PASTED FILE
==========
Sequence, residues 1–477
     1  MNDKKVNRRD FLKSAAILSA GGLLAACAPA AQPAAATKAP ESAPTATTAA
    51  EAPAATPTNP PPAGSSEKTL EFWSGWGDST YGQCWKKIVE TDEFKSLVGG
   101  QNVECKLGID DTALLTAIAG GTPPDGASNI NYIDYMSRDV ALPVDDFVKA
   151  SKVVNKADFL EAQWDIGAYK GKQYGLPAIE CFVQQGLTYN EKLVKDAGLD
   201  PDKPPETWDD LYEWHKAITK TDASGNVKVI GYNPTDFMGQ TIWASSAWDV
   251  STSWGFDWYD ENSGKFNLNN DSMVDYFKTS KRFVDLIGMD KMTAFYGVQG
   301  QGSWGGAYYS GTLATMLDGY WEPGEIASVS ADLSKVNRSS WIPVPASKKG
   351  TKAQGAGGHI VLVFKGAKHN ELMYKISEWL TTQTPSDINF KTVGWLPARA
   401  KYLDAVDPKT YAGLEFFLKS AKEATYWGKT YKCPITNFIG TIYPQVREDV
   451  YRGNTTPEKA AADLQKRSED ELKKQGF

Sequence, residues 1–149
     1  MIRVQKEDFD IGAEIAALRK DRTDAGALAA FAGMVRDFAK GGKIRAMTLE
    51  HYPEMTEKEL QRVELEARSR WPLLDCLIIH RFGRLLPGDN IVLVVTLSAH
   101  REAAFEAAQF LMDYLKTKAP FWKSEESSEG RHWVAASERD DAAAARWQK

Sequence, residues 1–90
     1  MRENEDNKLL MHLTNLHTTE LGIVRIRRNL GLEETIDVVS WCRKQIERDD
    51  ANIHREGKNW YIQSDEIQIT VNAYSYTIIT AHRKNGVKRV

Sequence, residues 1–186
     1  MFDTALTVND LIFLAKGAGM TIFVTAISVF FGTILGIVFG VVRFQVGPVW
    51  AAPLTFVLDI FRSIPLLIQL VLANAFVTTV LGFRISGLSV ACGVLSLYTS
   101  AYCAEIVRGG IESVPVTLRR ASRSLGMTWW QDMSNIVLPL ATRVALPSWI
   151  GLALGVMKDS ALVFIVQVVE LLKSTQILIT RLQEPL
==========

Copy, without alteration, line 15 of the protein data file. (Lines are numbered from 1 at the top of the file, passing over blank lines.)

   101  REAAFEAAQF LMDYLKTKAP FWKSEESSEG RHWVAASERD DAAAARWQK